Iipay Nation of Santa Ysabel Converted Former Casino Into a Cannabis Campus

An abandoned Tribal casino on the outskirts of San Diego is now home to the Mountain Source cannabis store. The Iipay Nation of Santa Ysabel closed its ailing, 37,000-square-feet Santa Ysabel Resort and Casino in 2014, and has since converted the property into a growing/cultivation operation, and cannabis-byproduct manufacturing facility, as well as a dispensary. The Tribe opened the doors to its cannabis storefront dubbed Mountain Source in mid-February, and next plans to expand with a cannabis testing lab and edibles bakery. Since 2015, the white arches of greenhouses have covered its two-plus acres of lands overlooking Lake Henshaw and Palomar Mountain, and flanking the former casino building.

The 700-member Iipay Nation declared and was denied chapter 11 bankruptcy when it shuttered its casino of seven years, including its Orchard Restaurant and Seven Oaks Bar and Grill. Additionally, Privatetable.com, the Tribe’s online interactive gaming site, is no longer active, and the domain is available for purchase, reported East County Magazine.

The Tribe entered the cannabis business to stay “economically alive,” Dave Vialpando, executive director of the Tribe’s Santa Ysabel Tribal Cannabis Regulatory Agency — and former chairman of the Santa Ysabel Tribal Gaming Commission, told The OC Register.

Santa Ysabel Resort and Casino operated from 2007 to 2014. (Yelp.com)

It remains to be seen whether the Iipay Nation of Santa Ysabel’s cannabis campus will revive the Tribal economy, as numerous obstacles stand in the way of not only the Santa Ysabel Tribe, but all Tribes across California.

For one, Tribes’ requests to join California’s licensed cannabis market have been ignored — meaning Tribes are inhibited from selling cannabis off sovereign, Tribal lands. Recreational marijuana is legal in the state, and the California Bureau of Cannabis Control oversees the industry at large.

“If they’re growing and processing and selling their own cannabis, that’s their right,” state cannabis bureau spokesman Alex Traverso told the Herald-Mail Media. “However, if they’re selling cannabis or other goods that came from the California market, that’s not allowed without a state license.”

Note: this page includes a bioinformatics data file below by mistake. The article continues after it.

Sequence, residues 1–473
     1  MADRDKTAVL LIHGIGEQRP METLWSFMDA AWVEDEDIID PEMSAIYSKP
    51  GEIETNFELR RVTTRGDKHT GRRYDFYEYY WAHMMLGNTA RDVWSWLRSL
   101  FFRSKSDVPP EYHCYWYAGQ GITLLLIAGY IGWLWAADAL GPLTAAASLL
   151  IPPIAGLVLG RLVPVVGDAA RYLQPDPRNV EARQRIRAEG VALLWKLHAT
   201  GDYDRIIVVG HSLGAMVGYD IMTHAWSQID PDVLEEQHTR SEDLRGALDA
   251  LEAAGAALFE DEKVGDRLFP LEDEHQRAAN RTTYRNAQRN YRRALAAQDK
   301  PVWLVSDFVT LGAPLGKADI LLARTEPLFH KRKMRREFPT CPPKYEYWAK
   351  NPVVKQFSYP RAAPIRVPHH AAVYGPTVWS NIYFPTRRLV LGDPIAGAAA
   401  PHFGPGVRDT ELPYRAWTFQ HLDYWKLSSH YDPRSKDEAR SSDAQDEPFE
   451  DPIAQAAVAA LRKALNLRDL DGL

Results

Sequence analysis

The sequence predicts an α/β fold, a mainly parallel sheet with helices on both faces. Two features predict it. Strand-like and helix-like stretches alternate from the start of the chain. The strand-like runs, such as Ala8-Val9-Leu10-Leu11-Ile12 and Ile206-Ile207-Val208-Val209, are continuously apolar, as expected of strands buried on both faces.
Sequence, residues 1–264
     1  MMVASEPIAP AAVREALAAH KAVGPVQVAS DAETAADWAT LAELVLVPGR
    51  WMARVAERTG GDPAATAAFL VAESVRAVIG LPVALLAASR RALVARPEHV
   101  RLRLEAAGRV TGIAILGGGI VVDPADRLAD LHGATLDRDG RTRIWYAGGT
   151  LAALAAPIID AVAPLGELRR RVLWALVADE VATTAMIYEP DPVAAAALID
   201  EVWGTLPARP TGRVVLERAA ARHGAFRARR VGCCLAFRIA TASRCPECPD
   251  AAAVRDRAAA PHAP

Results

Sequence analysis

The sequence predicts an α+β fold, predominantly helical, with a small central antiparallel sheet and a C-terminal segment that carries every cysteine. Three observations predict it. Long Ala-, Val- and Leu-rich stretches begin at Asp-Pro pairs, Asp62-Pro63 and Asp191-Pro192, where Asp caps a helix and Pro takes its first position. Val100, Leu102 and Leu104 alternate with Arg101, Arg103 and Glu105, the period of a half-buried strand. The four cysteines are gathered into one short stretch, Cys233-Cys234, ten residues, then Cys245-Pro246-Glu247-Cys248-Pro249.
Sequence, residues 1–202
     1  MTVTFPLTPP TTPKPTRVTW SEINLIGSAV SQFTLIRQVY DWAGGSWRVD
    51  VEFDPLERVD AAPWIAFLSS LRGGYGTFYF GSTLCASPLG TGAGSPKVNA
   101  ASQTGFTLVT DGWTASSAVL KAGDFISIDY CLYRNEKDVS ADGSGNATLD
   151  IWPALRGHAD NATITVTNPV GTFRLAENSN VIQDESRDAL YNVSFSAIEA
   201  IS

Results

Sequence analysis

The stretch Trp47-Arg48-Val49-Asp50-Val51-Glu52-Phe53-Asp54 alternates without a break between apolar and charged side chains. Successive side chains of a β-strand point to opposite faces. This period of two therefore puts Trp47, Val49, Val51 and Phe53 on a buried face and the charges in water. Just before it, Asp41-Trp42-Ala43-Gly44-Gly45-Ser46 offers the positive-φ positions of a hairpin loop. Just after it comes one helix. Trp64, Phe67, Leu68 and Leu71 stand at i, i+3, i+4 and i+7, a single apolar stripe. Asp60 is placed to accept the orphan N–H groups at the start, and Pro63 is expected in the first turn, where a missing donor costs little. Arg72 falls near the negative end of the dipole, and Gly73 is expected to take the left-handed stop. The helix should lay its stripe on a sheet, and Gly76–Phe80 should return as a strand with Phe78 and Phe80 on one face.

Other Tribal Nations in the Golden State are watching as the Santa Ysabel attempts to carve a path forward for others to potentially follow.

Today, past the gated entrance to the Tribe’s homeland, and a nearly mile-long drive to the site of the former casino, cannabis sales representatives are taking orders on iPads that detail Tribal cannabis products ranging from marijuana varieties to edibles to CBD cream.  

And the Tribe is covering its bases to increase its likelihood of entering the state market. In addition to forming the Santa Ysabel Tribal Cannabis Regulatory Agency, Vialpando told the Herald-Mail Media that earlier this month, the Santa Ysabel Tribe and several other Nations united through the California Native American Cannabis Association (CNACA) in hopes of gaining access to the licensed California cannabis market. All CNACA Tribal members must have resolutions passed by their individual Tribal Councils. 

The 23 Tribes that comprise CNACA hope California follows a similar model to that of Washington, Oregon and Nevada — three states that have passed bills that allow Tribes to negotiate compacts with the state to regulate cannabis operations, akin to the way they oversee gaming.

For now, the Santa Ysabel Tribe will continue operating its dispensary, perhaps impeded by its remote location, but bolstered by its lower prices relative to most licensed dispensaries. Growing cannabis on-site allows the Tribe to avoid transportation costs, and the Iipay Nation doesn’t charge the typical 18 percent tax per sale.

“Per gram cost is about half of what it would be on a non-Tribal facility,” Vialpando told the Herald-Mail Media.